The incised JB monogram is for Jean-Jacques Bachelier, director of the atelier de sculpture at Vincennes and Sèvres 1751-1757 and again 1760-1773.
In 1760, Jean-Baptiste II Lemoyne modeled the portrait of the king on which the present biscuit is based. In December of that year, two examples were supplied to Versailles, one for Louis XV himself and the other for his dear friend Madame de Pompadour. Factory records note the delivery of two examples on 24 June 1761 to Monsieur Lemoyne, presumably in gratitude to the sculptor of his loan of the original sculpture used to develop the model necessary for its production in porcelain. The bust then went into general production, with the last examples recorded in 1770.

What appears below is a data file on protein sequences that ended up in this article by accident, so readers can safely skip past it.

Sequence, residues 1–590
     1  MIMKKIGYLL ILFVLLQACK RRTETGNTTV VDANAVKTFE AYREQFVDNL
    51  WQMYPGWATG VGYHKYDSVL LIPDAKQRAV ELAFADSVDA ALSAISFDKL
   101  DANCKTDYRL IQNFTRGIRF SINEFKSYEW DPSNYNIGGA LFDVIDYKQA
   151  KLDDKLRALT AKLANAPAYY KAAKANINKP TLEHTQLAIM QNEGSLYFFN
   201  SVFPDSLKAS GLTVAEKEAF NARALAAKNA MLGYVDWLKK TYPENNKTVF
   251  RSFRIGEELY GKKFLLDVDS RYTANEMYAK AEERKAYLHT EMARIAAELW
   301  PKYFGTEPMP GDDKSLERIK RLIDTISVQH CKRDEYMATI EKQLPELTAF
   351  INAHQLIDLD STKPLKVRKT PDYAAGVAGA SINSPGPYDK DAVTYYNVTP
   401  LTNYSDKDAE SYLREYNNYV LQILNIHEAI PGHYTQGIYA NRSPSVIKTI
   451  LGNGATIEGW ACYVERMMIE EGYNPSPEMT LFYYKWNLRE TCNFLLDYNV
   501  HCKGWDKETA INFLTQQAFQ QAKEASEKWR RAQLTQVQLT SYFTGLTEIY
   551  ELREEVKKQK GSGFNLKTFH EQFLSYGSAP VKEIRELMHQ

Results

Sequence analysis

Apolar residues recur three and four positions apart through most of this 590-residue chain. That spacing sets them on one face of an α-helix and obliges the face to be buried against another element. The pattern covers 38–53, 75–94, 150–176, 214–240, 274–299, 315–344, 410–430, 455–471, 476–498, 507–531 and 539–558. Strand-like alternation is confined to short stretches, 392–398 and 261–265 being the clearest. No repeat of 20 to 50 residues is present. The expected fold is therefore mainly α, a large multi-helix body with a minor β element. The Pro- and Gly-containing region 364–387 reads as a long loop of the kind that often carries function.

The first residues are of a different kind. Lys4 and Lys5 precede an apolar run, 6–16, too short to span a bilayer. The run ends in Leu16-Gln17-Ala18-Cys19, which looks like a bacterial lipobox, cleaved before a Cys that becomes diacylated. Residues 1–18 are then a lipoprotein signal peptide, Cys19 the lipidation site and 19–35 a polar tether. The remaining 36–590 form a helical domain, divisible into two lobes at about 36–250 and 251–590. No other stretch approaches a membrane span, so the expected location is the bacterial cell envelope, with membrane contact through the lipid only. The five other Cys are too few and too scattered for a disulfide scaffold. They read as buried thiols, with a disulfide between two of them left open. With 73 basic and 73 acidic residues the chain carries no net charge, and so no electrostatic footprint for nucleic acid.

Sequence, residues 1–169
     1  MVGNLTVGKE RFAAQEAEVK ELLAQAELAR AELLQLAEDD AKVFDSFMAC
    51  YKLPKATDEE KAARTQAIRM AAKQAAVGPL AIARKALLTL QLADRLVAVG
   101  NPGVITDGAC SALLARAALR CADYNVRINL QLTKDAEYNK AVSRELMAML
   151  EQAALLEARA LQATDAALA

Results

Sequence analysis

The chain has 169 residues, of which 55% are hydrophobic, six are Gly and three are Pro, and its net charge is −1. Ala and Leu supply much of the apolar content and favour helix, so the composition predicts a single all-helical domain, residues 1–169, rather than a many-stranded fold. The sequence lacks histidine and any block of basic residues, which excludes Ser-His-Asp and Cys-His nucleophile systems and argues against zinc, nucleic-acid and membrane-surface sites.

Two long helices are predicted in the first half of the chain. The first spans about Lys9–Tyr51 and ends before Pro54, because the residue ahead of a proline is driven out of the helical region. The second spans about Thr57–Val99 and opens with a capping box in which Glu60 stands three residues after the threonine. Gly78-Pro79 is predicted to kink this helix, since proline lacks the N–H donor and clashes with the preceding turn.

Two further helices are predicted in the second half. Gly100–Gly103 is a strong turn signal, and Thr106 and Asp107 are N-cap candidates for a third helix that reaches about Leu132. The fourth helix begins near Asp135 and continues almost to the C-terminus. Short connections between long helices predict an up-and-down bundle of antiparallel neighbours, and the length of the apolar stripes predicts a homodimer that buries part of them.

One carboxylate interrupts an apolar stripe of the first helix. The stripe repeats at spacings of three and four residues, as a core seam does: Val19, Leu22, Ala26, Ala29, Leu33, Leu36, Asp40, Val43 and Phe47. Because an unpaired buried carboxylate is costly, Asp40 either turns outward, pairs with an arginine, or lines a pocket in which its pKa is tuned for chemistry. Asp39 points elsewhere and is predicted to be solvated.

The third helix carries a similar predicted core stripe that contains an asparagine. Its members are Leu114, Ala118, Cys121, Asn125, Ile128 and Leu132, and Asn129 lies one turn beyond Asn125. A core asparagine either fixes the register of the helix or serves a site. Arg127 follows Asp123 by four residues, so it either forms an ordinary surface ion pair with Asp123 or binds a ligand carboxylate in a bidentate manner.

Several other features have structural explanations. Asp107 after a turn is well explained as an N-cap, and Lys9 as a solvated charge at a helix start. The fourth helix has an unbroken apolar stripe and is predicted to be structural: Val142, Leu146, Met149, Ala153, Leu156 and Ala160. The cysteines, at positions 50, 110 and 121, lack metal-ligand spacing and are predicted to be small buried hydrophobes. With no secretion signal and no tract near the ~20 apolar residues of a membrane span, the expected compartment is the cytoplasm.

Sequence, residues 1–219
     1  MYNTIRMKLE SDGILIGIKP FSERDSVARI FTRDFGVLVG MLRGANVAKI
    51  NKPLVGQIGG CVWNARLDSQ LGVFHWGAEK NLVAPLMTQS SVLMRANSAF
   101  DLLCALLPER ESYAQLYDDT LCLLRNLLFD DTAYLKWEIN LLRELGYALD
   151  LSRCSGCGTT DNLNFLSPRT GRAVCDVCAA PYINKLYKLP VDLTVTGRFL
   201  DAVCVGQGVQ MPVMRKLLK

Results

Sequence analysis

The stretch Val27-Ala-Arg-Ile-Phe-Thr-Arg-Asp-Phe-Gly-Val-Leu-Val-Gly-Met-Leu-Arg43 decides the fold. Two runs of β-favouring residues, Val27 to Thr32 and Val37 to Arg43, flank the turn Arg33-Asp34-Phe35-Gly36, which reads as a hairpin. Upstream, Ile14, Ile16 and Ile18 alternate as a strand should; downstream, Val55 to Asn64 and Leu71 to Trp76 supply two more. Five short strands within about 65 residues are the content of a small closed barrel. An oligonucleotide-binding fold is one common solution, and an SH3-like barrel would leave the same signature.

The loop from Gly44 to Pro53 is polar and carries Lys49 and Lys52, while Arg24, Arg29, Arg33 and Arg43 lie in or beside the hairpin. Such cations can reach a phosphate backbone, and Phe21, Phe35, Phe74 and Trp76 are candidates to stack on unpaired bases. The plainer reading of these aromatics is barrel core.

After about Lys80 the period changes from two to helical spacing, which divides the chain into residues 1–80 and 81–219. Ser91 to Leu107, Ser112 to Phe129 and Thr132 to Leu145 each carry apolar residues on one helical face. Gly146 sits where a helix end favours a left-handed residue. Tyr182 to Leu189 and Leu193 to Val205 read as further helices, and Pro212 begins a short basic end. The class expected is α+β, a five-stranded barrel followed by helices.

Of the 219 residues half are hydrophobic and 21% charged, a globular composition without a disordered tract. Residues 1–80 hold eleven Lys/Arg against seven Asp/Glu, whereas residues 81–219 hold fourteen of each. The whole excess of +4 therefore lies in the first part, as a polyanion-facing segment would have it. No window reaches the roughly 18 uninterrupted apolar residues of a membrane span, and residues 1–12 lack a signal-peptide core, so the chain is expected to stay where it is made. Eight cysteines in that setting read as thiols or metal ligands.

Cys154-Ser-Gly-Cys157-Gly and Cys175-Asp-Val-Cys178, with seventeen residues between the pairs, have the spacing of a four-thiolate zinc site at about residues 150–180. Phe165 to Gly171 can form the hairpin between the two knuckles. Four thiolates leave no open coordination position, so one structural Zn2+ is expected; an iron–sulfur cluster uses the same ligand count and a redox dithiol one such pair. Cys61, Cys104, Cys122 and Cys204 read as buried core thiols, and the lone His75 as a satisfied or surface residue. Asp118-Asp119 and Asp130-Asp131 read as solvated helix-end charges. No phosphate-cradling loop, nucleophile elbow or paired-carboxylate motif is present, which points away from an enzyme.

Lemoyne's plaster for this portrait is no longer extant, nor are any examples in bronze or marble. Thus, only the Sèvres biscuit busts portray the monarch as a distinguished 50 year-old. Although a fair number were produced in the 18th century, one can now only account for six of these biscuit portraits, the fragility of the medium and the ravages of the French Revolution having taken their tole:
Museée national de Céramique, Sèvres (Estate of Maurice Fenaille, sold at auction in Paris, 12 June 1941, lot 52 and now on a modern socle).
Musée Lambinet, Versailles.
Waddeson Manor, Buckinghamshire (The Estate of Elizabeth Parke Firestone; Christie's, New York, 21-22 March 1991, lot 155).
An example with Georges Lefebvre et Fils, Paris, 1996-1997.
A second from the Estate of Maurice Fenaille, lot 94, and possibly the present example.